A Play About Nothing
FPCT’s new production brings a bit of Seinfeld to Prague
Published: February 19, 2014
Tales of Ordinary Madness
By Petr Zelenka
Through March 2 at the Fells Point Corner Theatre
Before the opening night performance of Petr Zelenka’s Tales of Ordinary Madness at the Fells Point Corner Theatre, director Barry Feinstein addressed the audience and suggested that they might think of the show as “Seinfeld in Prague.”
He had a point. Peter, the central character, is a 30-year-old single man living in an urban apartment, comically failing to win his girlfriend Jeanette back, or keep his parents at bay and his next-door neighbors quiet. His methods are a bit more absurd than Jerry Seinfeld’s ever were: advised by his best friend Midge, Peter tries to cut off a lock of Jeanette’s hair so he can cast a romantic potion, and when that doesn’t work, he plans to mail himself to her in a big box. But his efforts are just as fruitless and potentially just as funny as Seinfeld’s.
That potential isn’t always realized, however, because it’s very hard to find 10 skillful comic performers to fill out a large cast in a Baltimore community theater. Oddly enough, Feinstein has had better luck casting several of the supporting roles than he has in casting the three leads.
The production might have worked a lot better, for example, if Rick Lyon-Vaiden and Lisa Bryan, who play the next-door neighbors George and Alice, had been cast as Peter and Jeanette. Or if Michal Roxie Johnson, who plays Peter’s father’s mistress Sylvia, had played Jeanette. Or if Daniel Douek, who dominates every scene he’s in as Peter’s father, had been given more to do. It’s not that Tucker Foltz and Jessica Taylor, who play Peter and Jeanette, are awful, but they have an overweening earnestness that undercuts much of the humor.
Just as in Seinfeld, people are always barging into the protagonist’s apartment: Peter’s mother to insist that he take her blood pressure, his father to steal Peter’s phone, Jeanette and her new fiancé Alex (Phillip M. Walters) to insist that Peter pay for a new wig after the hair-cutting incident, George and Alice to ask if Peter will watch them having sex, Midge (Alexander Scally) to introduce his new girlfriend, a mannequin in a blue wig. They all insist that Peter would be better off if he had a woman in his life; he agrees, but his every attempt goes awry.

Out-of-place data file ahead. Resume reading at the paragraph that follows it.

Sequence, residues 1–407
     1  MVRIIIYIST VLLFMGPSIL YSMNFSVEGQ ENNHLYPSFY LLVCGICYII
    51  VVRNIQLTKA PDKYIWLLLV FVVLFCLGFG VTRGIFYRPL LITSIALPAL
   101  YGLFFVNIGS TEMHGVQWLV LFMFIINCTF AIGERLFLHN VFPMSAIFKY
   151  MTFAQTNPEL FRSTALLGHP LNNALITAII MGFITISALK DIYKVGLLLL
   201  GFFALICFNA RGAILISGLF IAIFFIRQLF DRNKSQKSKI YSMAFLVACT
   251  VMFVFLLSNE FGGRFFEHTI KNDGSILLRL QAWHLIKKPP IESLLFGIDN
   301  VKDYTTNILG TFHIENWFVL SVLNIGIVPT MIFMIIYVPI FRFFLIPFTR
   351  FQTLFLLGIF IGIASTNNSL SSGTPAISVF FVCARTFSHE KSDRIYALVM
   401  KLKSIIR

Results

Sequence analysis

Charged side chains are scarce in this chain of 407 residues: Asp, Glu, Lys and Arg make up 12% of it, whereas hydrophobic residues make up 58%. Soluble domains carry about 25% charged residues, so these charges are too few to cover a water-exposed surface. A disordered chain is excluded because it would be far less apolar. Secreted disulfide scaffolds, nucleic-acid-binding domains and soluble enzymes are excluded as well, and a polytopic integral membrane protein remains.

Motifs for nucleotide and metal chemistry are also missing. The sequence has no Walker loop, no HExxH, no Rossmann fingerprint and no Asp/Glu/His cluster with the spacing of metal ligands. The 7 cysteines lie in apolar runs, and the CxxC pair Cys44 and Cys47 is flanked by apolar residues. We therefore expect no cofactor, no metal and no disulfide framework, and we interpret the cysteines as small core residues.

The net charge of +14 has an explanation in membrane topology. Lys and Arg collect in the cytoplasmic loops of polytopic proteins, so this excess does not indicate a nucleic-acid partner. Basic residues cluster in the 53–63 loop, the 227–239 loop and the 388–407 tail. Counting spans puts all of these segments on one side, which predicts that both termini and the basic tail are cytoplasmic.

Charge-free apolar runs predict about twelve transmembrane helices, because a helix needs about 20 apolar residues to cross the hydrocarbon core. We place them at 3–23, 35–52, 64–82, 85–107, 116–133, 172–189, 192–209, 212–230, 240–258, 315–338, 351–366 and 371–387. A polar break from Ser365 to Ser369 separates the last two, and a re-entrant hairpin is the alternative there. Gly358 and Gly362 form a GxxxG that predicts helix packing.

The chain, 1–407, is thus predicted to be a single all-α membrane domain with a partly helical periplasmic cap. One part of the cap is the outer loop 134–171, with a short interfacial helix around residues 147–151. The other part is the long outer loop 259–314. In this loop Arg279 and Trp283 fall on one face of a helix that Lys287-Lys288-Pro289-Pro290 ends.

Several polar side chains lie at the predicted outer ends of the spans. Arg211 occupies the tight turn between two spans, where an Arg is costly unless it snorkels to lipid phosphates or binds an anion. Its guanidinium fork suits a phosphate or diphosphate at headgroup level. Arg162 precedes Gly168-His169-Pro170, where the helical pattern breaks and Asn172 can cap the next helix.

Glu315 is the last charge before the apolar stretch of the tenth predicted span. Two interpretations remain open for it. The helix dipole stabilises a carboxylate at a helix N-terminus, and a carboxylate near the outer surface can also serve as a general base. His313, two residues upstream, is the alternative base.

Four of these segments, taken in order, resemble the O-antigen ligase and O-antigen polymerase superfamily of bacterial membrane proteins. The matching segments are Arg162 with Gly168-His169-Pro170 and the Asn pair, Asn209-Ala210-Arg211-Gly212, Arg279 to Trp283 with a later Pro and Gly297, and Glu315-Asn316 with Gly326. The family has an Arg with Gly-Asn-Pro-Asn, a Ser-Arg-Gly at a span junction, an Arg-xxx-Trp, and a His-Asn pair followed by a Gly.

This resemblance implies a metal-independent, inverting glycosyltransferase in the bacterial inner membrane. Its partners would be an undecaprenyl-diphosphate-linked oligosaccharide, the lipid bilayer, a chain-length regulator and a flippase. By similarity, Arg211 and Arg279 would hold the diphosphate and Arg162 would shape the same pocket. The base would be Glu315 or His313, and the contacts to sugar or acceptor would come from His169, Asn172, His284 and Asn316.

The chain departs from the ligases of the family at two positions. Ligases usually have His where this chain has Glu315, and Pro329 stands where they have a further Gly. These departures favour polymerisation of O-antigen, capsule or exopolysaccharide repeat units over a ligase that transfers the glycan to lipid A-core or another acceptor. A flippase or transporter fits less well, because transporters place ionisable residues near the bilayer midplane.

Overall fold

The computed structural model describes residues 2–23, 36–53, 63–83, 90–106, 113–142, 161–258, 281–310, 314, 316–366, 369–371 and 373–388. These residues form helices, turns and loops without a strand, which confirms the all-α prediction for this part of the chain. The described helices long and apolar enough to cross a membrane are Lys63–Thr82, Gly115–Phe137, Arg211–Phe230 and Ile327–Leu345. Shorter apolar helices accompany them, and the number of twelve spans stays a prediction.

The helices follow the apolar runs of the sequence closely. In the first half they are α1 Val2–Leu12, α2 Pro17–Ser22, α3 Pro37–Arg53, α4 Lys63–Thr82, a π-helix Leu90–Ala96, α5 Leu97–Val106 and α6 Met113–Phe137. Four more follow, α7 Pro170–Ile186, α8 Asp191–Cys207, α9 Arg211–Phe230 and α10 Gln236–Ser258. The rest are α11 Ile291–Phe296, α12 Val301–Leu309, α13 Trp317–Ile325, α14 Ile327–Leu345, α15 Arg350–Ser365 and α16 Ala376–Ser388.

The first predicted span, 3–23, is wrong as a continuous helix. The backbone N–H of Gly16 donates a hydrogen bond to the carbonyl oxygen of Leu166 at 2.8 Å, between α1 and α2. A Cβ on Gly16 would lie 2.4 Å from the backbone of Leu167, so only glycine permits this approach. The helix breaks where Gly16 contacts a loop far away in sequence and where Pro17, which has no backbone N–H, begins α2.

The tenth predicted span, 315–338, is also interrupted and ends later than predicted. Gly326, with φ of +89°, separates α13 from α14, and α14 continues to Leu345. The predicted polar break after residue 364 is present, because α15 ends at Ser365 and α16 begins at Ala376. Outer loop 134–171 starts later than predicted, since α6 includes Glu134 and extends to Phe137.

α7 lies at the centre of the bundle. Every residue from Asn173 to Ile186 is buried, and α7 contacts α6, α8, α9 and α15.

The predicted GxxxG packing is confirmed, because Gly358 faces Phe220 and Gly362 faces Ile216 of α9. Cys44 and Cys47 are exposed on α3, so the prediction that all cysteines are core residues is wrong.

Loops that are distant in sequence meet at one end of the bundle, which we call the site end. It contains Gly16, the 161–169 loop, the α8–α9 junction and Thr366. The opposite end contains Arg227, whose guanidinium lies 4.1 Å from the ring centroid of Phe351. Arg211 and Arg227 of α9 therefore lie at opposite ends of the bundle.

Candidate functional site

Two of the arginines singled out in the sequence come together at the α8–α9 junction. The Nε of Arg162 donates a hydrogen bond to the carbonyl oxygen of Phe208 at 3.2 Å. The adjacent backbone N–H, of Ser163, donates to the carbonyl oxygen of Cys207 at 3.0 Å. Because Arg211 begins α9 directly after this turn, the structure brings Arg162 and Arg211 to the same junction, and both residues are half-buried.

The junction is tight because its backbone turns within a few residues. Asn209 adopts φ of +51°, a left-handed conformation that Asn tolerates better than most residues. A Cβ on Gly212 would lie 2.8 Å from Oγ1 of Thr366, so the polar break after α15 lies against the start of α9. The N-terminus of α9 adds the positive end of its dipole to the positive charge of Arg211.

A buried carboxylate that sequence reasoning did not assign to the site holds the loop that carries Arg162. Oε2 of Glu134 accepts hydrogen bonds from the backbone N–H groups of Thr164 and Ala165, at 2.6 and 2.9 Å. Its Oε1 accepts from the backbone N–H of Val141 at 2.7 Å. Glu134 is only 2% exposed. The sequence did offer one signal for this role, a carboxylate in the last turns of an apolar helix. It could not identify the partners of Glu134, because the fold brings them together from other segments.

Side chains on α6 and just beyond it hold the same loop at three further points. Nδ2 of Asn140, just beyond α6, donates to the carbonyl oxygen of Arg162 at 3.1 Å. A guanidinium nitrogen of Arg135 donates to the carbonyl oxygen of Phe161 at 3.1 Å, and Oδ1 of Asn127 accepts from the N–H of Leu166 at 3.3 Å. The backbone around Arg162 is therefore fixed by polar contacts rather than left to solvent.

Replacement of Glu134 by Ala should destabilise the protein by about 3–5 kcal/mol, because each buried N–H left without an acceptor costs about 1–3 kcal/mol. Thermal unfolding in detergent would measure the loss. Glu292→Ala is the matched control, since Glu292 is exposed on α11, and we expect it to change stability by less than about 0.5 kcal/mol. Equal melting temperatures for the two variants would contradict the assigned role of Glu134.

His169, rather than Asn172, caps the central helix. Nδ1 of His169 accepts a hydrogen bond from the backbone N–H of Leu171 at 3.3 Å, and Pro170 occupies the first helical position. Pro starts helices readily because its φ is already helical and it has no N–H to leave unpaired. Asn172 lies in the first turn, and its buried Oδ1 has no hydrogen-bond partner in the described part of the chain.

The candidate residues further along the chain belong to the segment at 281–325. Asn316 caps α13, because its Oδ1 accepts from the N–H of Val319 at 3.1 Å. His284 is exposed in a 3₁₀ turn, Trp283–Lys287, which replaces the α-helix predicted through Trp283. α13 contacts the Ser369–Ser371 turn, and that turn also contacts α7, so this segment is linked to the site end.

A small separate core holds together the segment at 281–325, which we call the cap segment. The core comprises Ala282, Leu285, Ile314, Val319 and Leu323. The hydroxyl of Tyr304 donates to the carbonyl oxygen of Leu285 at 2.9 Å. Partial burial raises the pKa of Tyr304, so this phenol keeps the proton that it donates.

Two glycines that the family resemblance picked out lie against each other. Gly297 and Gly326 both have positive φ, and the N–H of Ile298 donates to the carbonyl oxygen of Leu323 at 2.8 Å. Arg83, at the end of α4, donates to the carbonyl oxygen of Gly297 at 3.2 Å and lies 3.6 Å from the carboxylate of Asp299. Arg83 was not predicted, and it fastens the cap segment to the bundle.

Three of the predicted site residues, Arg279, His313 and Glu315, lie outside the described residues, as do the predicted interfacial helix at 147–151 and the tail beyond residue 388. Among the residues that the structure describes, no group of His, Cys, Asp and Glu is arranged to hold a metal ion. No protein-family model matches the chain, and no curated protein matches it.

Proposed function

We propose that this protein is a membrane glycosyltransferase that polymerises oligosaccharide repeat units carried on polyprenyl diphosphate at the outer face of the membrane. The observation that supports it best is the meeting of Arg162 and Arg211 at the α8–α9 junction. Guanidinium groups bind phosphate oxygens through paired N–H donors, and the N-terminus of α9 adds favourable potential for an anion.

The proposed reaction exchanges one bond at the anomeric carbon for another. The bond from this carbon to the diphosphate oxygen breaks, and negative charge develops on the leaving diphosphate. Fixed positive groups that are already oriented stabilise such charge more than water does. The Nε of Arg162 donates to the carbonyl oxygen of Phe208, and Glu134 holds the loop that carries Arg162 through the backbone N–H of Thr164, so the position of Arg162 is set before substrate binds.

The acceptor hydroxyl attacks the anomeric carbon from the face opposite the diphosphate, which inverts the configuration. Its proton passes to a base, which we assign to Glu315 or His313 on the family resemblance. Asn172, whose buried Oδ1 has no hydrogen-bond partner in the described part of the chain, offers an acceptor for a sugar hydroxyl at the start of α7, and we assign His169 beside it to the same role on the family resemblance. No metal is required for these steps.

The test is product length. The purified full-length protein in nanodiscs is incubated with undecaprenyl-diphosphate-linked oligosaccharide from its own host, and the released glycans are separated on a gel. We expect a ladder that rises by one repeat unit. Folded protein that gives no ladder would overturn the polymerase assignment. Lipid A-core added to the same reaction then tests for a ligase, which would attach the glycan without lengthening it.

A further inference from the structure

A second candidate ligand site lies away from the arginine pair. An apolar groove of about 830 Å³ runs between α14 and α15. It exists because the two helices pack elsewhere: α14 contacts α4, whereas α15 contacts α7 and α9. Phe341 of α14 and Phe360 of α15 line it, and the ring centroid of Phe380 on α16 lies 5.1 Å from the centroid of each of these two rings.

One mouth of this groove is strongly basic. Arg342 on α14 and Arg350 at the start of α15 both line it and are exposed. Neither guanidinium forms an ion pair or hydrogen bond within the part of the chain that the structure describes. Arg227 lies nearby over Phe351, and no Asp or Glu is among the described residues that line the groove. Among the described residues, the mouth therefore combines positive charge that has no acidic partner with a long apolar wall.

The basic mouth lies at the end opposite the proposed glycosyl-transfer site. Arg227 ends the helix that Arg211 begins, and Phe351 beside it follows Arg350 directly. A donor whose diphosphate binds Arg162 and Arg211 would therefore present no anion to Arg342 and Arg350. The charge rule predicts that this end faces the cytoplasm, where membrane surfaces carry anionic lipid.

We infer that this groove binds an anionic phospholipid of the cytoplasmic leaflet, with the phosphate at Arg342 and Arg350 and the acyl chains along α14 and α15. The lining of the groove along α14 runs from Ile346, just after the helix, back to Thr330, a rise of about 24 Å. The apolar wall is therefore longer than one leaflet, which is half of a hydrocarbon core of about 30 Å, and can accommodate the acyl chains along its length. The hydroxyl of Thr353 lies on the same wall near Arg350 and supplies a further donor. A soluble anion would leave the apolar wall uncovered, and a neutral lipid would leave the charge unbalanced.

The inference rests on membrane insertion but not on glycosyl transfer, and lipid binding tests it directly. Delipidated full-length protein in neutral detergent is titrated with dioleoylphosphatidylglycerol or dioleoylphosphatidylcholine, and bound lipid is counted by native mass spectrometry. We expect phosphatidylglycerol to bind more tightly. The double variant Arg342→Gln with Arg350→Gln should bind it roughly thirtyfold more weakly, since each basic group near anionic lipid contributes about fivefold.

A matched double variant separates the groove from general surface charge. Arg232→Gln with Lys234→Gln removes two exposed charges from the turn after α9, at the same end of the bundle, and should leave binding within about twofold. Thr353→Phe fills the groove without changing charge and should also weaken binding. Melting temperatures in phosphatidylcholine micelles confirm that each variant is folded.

The playwright suggests that successful relationships are unrelated to intention. Midge meets Eva (Mimi Dang), for example, when he calls a classified ad for a cleaning woman. Alex meets Jeanette when he answers a phone ringing in a street-corner booth. Peter’s father meets Sylvia when he dials the wrong number.
The father is embarrassed that he was the voice-over narrator for Czechoslovakia’s Communist propaganda newsreels, but Sylvia loves to hear his rumbling baritone get all worked up about the opening of an imitation-leather factory. Douek’s voice is seductive, and his body language as an over-the-hill lover man is charmingly hilarious. Sylvia gets him to revive his old narrations as a kind of campy nostalgia at parties, and soon he is doing it at museums and on campuses. By embracing his old self, the father becomes a new man.
This raises the question of whether or not the play has a political subtext. We expect it to, because Czechoslovakia’s 1989 “Velvet Revolution” was led by the Czech playwright Vaclav Havel, who became the nation’s president. Zelenka was 22 in 1989, and Tales of Ordinary Madness became a big hit when it opened at Havel’s former theater, the Dejvicke Divadlo in Prague, and ran for eight years. So is this a political play?
I don’t think so. The primary reference to the old regime is the father’s old narration job, and it’s treated as a comic reminder of a stuffier time, much as anti-drug or hair-gel commercials from the ’50s might be in an American play. Of course, if you try hard enough—or get stoned enough—you can find a political allegory in anything, but, as written, this show is more concerned with the difficulty of making connections between friends, neighbors, family members and would-be lovers.
Another reference to the bad old days is made by George, who laments that back then dissident artists and activists were expected to be repressed by the government, and the more they failed the more their girlfriends loved them. Nowadays, he complains, those same women expect success, which is much harder to produce than failure.
When an artist sues in court today, he adds, it’s not for freedom from censorship but the payment of proper royalties. When he sabotages his own case with a dadaist prank, he gets no money and loses the girl altogether. This may not tell us much about politics, but it does tell us something about relationships and the comic ways they come together and fall apart.
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